Talking Business with ING Luxembourg CEO Luc Verbeken
After two months as ING Luxembourg CEO Luc Verbeken talks to wort.lu/en about integrating into Luxembourg life, running the ING marathon and banning bureaucracy.
Who are you and what do you do?
I have a very long and strong relationship with ING, having been recruited by the Group in Brussels in 1985, before graduating from university. I have worked in a variety of positions in Retail Banking and Commercial Banking in Belgium, Spain, the USA and the Netherlands. Just before joining ING Luxembourg, I was Head of the new worldwide Project Management Office of ING Bank in Amsterdam, and reported directly to ING Bank’s Vice-Chairman, Koos Timmermans.
During my career at ING, I have already been from time to time responsible for different areas of ING Luxembourg and I was therefore familiar with the business model of the local entity.
I officially took over the reins of ING Luxembourg on 1 March 2013.
How did you get where you are now?
I have always been extremely passionate about finance and I always had the idea of working for a financial institution. Before graduating from university I already knew I wanted to work for Banque Bruxelles Lambert (BBL) because I liked the image of that bank: young, dynamic, open and leader in technologies. BBL is the former name of ING Belgium!
Once there, I followed the path to become a “solid” banker, starting small and local and gaining more experience and responsibility with time. One has to be open to new challenges and that’s why I was really happy when I was given the opportunity to become the new CEO of ING Luxembourg.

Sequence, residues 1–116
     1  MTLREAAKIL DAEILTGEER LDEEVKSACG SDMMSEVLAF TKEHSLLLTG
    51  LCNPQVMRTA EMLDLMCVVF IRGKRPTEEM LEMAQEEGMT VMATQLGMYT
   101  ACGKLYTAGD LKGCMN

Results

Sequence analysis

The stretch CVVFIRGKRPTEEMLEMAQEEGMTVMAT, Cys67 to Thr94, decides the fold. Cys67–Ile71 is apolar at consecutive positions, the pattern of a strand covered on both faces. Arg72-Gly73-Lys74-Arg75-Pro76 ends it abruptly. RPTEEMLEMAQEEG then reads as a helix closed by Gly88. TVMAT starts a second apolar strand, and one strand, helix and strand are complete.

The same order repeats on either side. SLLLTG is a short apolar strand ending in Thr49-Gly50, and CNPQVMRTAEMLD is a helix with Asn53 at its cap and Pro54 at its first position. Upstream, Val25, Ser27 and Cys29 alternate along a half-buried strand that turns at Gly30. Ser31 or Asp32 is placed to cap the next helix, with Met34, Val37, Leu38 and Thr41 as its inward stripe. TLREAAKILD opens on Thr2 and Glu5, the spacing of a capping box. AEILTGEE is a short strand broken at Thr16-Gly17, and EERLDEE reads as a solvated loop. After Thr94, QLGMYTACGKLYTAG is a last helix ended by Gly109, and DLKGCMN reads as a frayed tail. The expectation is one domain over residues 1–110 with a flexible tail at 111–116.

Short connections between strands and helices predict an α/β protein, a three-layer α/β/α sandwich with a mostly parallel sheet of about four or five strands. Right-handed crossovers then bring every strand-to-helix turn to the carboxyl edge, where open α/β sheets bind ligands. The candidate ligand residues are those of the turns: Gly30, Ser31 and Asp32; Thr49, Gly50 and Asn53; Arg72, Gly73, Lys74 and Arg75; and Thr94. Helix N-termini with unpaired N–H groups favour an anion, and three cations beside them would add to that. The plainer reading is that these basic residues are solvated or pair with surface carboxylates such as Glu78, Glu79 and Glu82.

What are the most important skills and qualities for a successful business leader?
In my experience, believing in what you do and what you stand for is crucial in any line of business. It’s what allows you to go the extra mile, to offer supreme customer service and to be a true team player.
Banking is not about individuals but about consistent team work from excellent diverse profiles; that is why I constantly push for team work and communication within the bank. As a leader, I try to be as accessible as possible and play my role as part of the team encouraging my colleagues and allowing them to develop themselves and their careers. For sure, I cannot do it all on my own!
Being a leader is about guiding, motivating and enabling others to do their part. And afterwards it’s about celebrating achievements together.
How do you assess the current economic situation in Luxembourg?
Even though I have been living in Luxembourg for only a few months, it is clear that the effects of the difficult economic situation of the Western world are also noticeable here. And yet I believe Luxembourg is in an advantageous position thanks to its pro-activity and flexibility. When I arrived in Luxembourg, I immediately noticed that the country showed a real international intelligence. We have the specialised workforce, the experts to meet our clients’ requirements. Despite the limited size of the Luxembourg market, it is large enough and very open so that, with the right entrepreneurial mindset and by facing change as an opportunity rather than a challenge, Luxembourg will ensure a bright and fruitful future.
The financial sector will continue to be confronted with a regulatory wave and will need to continue to adapt to it! This generates considerable costs in terms of IT and resources.